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ITF Says Flag States Must Instruct Ships to Divert from Red Sea for Safety

seafarers
Crewmembers of the Tutor were airlifted from their disabled ship by French and American forces (FFEAU.ALINDIEN of X)

Published Jun 25, 2024 1:20 PM by The Maritime Executive


Marking the Day of the Seafarer, the International Transport Workers’ Federation speaking on behalf of seafarers’ unions globally is urging the international community to reflect on the invaluable contribution of seafarers to the global economy. In the face of the latest escalation from the Houthis attacking ships in the Red Sea region, the ITF is saying that flag states “which are responsible for assuring a safe working environment for seafarers on their vessels, must instruct companies to divert their ships.”

The unions have repeatedly condemned the attacks and called for action. Now in a strongly worded statement, they are demanding immediate action to ensure the safety of seafarers in the Red Sea. They contend the actions, to date, have been lacking and could have prevented the unnecessary deaths of seafarers.

“While we appreciate expressions of solidarity and condemnation, words are not enough. The ITF demands urgent, concrete action to guarantee the safety and security of seafarers,” they write.

“Seafarers are not commodities but the backbone of the global supply chain. Their lives should not be risked for profit, nor should they have to perform their duties under the constant threat of violence or harm.”

The ITF reminds that four seafarers have lost their lives since the attacks started late in 2023. Three seafarers were killed in March when the True Confidence was attacked and fires began on the vessel. The remaining crew was forced to abandon ship. This month, the Houthis attacked the Tutor, and one seafarer was lost before the crew was forced to also abandon that vessel. Last weekend, there were reports that another bulker had also been abandoned marking the fourth vessel where the crews had to leave their ships after being attacked. Two ships are known to have sunk due to the attacks.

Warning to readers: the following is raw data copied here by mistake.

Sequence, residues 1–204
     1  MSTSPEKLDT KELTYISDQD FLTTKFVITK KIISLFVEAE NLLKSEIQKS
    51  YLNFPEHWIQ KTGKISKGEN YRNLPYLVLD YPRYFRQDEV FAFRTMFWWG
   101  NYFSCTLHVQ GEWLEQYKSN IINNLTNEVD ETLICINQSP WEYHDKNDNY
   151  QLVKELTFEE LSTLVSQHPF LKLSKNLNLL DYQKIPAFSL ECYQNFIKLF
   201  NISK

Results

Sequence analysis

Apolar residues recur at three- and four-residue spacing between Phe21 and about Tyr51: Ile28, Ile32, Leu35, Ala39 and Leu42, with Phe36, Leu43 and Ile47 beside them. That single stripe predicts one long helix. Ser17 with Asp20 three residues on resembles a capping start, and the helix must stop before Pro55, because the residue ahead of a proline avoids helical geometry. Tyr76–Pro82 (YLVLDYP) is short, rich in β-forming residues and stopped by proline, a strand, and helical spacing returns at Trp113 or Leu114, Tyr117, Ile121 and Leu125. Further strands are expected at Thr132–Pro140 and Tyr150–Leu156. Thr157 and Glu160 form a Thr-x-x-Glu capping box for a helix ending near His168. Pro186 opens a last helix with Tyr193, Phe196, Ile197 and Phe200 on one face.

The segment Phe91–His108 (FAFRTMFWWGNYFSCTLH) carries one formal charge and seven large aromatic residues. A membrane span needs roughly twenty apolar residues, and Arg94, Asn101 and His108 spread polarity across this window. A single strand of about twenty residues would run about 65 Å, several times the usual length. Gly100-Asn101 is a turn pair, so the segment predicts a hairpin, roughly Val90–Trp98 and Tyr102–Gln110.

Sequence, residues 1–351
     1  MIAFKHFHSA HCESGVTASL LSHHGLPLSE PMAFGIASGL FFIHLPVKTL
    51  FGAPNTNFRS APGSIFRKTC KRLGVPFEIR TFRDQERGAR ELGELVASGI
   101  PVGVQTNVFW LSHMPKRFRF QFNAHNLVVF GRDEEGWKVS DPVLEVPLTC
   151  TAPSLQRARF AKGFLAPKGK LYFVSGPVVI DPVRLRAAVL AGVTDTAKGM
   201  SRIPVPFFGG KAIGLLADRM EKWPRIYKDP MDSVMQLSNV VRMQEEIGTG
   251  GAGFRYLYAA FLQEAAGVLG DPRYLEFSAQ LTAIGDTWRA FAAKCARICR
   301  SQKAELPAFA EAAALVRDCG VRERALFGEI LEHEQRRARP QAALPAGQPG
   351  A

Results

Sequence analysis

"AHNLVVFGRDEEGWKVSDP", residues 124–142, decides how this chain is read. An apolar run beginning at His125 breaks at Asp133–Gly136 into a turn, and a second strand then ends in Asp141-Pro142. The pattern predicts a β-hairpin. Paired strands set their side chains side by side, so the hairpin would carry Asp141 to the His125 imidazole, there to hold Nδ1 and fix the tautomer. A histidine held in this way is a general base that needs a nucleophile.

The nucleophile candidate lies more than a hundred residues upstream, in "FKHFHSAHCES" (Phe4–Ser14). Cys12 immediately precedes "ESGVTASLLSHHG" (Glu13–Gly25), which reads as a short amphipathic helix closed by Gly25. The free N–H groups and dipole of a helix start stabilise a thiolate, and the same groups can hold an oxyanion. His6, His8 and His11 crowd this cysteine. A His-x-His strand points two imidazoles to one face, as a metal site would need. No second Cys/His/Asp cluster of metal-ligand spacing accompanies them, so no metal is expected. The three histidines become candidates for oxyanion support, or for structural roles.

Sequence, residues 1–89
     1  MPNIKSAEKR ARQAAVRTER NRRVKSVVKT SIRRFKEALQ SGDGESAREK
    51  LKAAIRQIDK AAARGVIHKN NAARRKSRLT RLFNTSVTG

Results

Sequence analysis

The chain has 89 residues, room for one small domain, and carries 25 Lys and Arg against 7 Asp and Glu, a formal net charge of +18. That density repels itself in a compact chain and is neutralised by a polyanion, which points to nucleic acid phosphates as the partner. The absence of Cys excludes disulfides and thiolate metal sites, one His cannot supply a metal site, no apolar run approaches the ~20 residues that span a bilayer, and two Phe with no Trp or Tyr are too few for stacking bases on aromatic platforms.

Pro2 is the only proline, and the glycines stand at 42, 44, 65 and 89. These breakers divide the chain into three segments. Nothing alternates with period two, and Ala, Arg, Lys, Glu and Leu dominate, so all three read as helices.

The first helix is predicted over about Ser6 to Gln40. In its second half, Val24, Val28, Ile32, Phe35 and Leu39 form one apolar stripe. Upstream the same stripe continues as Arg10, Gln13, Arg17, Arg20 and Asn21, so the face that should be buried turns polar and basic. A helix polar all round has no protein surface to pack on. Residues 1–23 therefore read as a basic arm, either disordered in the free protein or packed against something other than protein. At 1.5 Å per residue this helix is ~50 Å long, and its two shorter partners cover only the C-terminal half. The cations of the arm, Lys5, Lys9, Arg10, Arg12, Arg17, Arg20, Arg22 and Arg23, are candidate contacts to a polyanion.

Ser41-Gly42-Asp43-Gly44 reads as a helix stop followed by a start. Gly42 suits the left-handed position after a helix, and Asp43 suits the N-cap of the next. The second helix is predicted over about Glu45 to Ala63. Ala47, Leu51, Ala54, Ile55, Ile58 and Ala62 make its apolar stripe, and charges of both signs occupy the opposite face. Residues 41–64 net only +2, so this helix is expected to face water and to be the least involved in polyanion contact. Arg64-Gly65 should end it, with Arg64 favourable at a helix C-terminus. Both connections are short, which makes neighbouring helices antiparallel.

The official accounts cite one crewmember on the bulker Verbena that was severely injured and required a medical airlift by the military forces and a life-saving operation. There is no official tally, but there have been reports of lesser injuries to crewmembers in the attacks, which the Houthis assert now number over 150 vessels targeted.

On the Day of the Seafarer, the ITF is also calling for the safe return of the crews from the car carrier Galaxy Leader, which has been detained in Yemen since November 2023. The shipping company recently highlighted that the crew is not part of the conflict and should be released. The ITF also reminds that the MSC Aries is being held in Iran.

The unions are saying governments must do more while shipping companies must also demonstrate their commitment to their seafarers by diverting from the region. While saying flag states must instruct ships to divert, they said “flags of convenience” must not rely solely on the United States, United Kingdom, and European Union navies for protection.

After the attack on the Tutor, the Philippines said it would be exploring steps to further enhance the safety of seafarers. The Philippines which is a large source of crewmembers, earlier in the year ruled that its citizens could not work on cruise or passenger ships sailing in the Red Sea region. Officials said that was due to the number of crew on those ships and that they were exploring similar restrictions for their citizens after the recent Houthi escalation.